Weather That’s Bigger Than You

GeorgiaUSA

As noted two years ago, on 3 July, 2014: For a few years the hurricane season never turned up. A tropical depression far out west of Cape Verde, a storm drenching Guatemala or Cancun in the Gulf basin, but nothing here in America.

This year, as Americans repaired to their Independence Day barbecue grills, a crazy early storm formed off Florida’s east coast. Only North Carolina and its outer banks are evacuated so besides overwrought news TV, most of the country remains sanguine.

Here in our mountains the effects are profound and lovely.

Once in a while there is a hurricane nearby but not close enough to storm on us. Its signal effect is to draw all the moisture out of the air and toward the storm, leaving us, a thousand miles west of the storm, with tree-ruffling breezes and shiny, concentrated, brilliant skies.

Our beautiful mountains.

Trees sway and sweep up with the breeze so patches of the hillside turn pale with the lighter green of the leaves’ undersides. The smile of a moon darts between clouds along with planes too far up in the sky to hear. We watch as they cross in front of us so they can land pointing east in Atlanta, two and a half hours away by road.

If we want to stay outside past dark tonight, Thursday, July 3rd, we’ll need long pants and footwear against the chill. This is why we love our mountains. On July 3rd, way down south in Georgia.

The American South, October 2014

kkksmall

We live in a rural patch of Appalachia. Driving home from a dinner party a couple of Saturday nights ago, this is what we saw. We hear they do this every fall.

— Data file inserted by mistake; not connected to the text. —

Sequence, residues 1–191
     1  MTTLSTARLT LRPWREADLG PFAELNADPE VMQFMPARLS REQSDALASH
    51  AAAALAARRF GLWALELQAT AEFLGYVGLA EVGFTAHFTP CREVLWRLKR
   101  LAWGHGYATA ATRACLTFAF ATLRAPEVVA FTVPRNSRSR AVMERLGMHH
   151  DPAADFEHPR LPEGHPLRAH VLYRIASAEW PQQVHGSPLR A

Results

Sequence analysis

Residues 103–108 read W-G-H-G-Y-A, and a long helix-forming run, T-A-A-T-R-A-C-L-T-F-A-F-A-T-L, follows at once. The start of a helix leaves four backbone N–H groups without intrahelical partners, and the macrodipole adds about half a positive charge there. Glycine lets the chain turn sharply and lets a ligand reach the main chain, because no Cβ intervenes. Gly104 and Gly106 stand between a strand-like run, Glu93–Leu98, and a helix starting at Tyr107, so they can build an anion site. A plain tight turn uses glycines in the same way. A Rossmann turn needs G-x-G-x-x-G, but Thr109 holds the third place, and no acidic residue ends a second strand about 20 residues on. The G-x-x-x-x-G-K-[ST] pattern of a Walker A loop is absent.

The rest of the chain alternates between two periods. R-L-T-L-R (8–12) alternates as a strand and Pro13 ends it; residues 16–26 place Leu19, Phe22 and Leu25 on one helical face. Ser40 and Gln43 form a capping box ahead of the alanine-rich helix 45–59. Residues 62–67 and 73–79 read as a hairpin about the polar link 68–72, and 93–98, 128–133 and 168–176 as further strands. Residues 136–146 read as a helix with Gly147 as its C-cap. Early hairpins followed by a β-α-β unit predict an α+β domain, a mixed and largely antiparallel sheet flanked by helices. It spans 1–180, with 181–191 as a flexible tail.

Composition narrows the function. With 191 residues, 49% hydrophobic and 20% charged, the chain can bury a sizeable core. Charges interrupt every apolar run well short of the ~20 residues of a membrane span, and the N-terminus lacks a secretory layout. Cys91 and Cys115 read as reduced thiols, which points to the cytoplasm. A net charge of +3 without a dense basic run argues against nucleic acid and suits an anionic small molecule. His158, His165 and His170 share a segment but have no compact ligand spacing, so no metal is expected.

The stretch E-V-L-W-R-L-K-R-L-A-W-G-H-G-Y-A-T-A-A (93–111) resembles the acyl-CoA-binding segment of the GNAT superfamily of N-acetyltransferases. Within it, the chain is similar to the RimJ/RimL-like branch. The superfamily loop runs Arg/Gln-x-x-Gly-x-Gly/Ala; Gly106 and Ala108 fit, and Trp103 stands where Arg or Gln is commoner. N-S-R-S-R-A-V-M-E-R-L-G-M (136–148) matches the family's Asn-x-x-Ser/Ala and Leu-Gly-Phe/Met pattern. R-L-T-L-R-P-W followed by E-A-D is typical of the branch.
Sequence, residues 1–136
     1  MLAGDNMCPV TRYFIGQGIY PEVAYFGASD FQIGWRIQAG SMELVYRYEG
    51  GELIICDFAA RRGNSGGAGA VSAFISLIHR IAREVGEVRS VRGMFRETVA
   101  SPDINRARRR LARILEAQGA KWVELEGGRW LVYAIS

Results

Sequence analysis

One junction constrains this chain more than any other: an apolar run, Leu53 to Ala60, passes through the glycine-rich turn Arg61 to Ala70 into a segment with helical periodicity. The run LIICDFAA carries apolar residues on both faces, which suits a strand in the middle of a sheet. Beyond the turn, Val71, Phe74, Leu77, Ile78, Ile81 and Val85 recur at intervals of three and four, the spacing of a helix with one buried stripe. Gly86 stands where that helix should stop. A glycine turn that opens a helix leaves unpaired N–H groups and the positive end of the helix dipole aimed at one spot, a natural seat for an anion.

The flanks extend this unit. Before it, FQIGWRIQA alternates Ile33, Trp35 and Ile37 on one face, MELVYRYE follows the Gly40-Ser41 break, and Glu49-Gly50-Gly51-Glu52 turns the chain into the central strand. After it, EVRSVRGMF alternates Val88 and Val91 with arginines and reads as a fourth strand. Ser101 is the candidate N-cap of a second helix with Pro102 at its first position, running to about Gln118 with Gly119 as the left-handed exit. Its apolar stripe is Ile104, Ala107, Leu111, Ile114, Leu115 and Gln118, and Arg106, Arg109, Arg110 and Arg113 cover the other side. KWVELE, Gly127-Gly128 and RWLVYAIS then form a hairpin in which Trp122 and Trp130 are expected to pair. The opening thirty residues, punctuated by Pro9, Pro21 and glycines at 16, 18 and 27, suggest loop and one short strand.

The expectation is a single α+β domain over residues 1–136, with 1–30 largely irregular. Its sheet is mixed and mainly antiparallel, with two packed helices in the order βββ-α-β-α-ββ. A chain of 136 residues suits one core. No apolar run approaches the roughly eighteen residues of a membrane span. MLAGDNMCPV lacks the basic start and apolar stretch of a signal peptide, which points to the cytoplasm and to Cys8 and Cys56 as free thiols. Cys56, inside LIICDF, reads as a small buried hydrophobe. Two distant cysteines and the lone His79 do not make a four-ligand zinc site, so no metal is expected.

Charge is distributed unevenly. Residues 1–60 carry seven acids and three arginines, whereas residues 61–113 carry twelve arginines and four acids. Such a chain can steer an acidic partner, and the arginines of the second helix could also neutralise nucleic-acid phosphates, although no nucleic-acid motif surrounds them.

Unbelievable. But true.

Maybe as consolation, here is probably the same KKK in daylight, at a courthouse rally. Just silly here, out from under the cover of darkness.

kkk

 

Who do you suppose does their dry cleaning? I mean, really?

Just Before the Leaves Fall

Autumnscene2010

Our next mission abroad is still some seventy days away, but this isn't the time of year to be away from our southern Appalachian home, anyway. These are the very final days before that last, crashing rainstorm blows out our leaves and blows in six months of brown and chill. Every day we walk around the farm wide-eyed, camera in hand, trying to will a few more of these beautiful, colorful days.

This photo is a seven exposure HDR, taken down at the bottom of our driveway, at the beginning of our lower pasture. It's displayed in the EarthPhotos.com Rural Life section and was taken precisely one year ago, in October 2010. Click it to make it much, much bigger.